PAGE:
The Haramokngna American Indian Cultural Center is the realization of a dream of many people in the greater Los Angeles area. It is a center where Native American people can gather to share their culture, their history, their heritage, and their dreams with their families, their brothers and sisters from other Native groups and with the general public of Los Angeles. It is a center where the First People of this land – the Gabrielino/Tongva, the Chumash, the Fernandeño Tataviam, the Kitanemuk and the Serrano can share their knowledge of the ways given to them to care for this land, to honor it, and to keep it renewed for us all to experience and enjoy. It is a center where the Indian People relocated from their lands can once again touch the earth, feel the wind, listen for the sound of our wild brothers and sisters — the animals and birds — and smell the fragrance of native plants. We welcome all visitors who share this yearning for a connection to the mountains and a thirst for the knowledge and understanding of Native Ways.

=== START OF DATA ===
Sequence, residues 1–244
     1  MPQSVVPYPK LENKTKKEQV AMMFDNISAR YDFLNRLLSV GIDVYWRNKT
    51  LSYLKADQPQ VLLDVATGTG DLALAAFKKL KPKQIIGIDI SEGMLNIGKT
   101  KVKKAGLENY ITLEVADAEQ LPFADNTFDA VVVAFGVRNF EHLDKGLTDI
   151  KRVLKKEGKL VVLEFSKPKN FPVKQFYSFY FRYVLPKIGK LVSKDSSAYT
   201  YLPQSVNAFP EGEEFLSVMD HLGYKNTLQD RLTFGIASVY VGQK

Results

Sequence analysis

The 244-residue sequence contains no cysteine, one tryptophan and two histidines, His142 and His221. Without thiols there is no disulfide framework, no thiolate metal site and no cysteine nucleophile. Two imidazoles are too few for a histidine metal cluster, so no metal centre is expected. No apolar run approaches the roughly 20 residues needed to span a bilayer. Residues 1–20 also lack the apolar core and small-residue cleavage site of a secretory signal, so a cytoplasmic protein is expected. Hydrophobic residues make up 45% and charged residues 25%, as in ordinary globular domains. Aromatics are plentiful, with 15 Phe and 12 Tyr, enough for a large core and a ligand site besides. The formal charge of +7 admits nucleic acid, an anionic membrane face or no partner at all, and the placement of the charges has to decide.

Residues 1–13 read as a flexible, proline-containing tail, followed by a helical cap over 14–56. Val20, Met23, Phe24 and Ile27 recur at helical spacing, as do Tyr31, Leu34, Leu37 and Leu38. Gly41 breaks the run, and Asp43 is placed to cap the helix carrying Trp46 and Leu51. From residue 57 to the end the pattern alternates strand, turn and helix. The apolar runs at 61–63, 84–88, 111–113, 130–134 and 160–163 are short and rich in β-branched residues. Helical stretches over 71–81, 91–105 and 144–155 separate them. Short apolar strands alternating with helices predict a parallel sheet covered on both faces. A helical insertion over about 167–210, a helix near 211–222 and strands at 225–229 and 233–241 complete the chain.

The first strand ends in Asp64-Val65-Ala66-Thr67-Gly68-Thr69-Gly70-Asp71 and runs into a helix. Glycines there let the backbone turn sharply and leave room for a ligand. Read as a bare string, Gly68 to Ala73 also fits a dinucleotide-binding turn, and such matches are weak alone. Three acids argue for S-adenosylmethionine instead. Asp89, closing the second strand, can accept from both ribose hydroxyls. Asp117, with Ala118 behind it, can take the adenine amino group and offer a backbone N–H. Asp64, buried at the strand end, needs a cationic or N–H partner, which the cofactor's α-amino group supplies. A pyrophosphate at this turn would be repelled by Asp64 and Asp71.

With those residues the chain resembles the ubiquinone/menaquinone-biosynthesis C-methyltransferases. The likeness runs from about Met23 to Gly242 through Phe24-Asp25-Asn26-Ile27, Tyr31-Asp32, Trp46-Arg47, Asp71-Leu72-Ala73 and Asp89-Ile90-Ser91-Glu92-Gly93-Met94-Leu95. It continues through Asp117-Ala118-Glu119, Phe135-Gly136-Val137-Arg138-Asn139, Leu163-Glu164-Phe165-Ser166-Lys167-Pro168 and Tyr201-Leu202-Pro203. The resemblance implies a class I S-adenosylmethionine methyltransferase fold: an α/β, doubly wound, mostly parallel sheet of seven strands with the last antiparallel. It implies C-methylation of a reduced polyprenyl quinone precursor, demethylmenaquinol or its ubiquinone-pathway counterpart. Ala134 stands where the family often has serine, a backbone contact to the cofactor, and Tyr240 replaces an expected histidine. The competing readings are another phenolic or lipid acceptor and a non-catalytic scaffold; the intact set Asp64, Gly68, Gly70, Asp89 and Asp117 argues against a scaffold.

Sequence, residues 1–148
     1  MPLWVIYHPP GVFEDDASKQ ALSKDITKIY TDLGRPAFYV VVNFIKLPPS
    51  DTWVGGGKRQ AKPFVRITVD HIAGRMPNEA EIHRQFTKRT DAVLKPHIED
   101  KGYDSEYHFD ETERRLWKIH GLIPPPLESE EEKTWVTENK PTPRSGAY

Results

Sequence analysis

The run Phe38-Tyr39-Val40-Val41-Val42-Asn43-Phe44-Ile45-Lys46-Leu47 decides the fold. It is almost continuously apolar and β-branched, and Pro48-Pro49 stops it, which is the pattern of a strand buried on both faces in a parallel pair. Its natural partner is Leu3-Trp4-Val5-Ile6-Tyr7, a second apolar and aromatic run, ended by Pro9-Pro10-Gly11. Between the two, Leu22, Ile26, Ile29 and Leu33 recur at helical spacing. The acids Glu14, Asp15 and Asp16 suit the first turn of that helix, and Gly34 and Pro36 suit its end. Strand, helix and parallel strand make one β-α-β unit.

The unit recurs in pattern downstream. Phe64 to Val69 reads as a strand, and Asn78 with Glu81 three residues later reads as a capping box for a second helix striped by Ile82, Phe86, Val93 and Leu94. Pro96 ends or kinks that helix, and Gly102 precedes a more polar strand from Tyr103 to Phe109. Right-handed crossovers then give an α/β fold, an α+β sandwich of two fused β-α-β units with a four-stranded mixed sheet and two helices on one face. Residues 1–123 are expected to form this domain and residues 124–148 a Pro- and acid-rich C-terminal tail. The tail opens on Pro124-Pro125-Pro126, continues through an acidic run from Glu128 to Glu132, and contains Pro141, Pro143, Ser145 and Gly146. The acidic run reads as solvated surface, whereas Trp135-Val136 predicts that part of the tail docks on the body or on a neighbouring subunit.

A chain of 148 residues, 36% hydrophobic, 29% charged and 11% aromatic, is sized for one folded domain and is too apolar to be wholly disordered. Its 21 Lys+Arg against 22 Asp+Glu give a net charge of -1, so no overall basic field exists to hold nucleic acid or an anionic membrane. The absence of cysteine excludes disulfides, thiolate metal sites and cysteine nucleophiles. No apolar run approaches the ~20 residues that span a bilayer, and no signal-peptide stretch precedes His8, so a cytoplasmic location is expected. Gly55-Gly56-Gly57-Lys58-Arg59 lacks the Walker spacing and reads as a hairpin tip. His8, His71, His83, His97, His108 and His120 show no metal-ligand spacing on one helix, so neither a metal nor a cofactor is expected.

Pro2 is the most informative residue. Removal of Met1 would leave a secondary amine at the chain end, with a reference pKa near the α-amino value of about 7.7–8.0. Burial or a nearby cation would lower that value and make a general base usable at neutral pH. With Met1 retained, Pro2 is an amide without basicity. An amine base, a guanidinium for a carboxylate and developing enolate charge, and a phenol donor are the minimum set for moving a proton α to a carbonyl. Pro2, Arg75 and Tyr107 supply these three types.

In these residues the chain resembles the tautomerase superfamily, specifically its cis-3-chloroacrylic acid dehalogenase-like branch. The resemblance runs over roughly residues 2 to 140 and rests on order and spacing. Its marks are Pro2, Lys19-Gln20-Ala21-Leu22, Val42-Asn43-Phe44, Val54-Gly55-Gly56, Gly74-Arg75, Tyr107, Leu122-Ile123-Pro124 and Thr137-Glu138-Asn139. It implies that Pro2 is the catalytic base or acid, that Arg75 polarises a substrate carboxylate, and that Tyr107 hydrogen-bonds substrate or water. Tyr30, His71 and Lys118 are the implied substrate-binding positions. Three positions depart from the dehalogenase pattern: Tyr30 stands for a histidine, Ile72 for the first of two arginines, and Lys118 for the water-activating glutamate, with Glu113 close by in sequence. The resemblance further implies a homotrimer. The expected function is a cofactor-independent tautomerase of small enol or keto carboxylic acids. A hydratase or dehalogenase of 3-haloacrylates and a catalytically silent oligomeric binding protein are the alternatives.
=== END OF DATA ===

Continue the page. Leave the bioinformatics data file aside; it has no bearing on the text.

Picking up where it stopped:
Haramokngna sits on Red Box Saddle – the first resting spot on the trek from the sea to the desert. The people came here to gather the bounty of the mountains – the pine trees and pine nuts, the bay laurel, the black oak acorns; to trade with people from other areas of California; and to come together to renew family ties, trade songs, stories, gossip, and meet eligible youth from the other side of the mountains. Haramokngna opened in 1998 with a special use permit from the National Forest, in a former fire station. The front building was converted into exhibit space that tells the story of the Five Tribes of the San Gabriel Mountains: the Tongva, the Chumash, the Tataviam, the Kitanemuk and the Serrano. These five tribes are explored in their pre-contact relationships with the land and with each other via the trade routes through these mountains.